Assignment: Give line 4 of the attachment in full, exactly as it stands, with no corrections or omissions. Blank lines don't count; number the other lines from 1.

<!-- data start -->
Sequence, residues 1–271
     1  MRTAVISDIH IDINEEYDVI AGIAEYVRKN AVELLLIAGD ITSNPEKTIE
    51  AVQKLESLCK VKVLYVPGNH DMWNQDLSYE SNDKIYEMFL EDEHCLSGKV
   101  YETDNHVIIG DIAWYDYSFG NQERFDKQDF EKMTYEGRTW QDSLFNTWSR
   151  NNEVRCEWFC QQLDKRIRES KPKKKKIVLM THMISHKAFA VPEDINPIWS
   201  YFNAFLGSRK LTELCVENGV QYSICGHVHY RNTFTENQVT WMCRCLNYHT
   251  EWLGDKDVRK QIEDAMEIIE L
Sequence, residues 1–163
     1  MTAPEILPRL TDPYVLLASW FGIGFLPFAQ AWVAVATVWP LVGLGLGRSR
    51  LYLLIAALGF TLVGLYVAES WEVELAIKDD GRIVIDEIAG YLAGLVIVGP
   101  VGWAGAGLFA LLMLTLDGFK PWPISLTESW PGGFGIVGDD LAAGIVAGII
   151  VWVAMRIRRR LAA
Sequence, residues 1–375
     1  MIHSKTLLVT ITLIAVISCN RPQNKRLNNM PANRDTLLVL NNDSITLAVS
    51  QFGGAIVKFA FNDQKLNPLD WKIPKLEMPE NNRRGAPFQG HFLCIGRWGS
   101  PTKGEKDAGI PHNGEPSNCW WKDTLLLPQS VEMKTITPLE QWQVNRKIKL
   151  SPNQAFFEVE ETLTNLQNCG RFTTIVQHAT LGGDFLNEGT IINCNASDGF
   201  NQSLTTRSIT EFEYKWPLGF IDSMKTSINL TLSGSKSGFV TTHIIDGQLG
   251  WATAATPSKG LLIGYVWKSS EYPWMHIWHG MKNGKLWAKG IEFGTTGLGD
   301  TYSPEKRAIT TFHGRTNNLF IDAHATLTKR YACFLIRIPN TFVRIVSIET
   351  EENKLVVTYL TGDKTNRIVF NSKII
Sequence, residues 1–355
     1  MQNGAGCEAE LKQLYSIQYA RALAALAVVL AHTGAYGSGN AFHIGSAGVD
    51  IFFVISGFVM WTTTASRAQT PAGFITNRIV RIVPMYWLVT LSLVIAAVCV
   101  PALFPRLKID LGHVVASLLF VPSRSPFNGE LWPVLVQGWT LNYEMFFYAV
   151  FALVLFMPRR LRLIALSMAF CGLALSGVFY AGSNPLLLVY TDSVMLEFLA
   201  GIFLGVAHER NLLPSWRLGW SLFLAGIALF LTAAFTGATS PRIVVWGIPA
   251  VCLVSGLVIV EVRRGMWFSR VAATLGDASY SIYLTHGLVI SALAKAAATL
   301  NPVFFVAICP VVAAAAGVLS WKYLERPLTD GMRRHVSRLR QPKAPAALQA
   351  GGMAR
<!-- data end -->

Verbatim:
   101  YETDNHVIIG DIAWYDYSFG NQERFDKQDF EKMTYEGRTW QDSLFNTWSR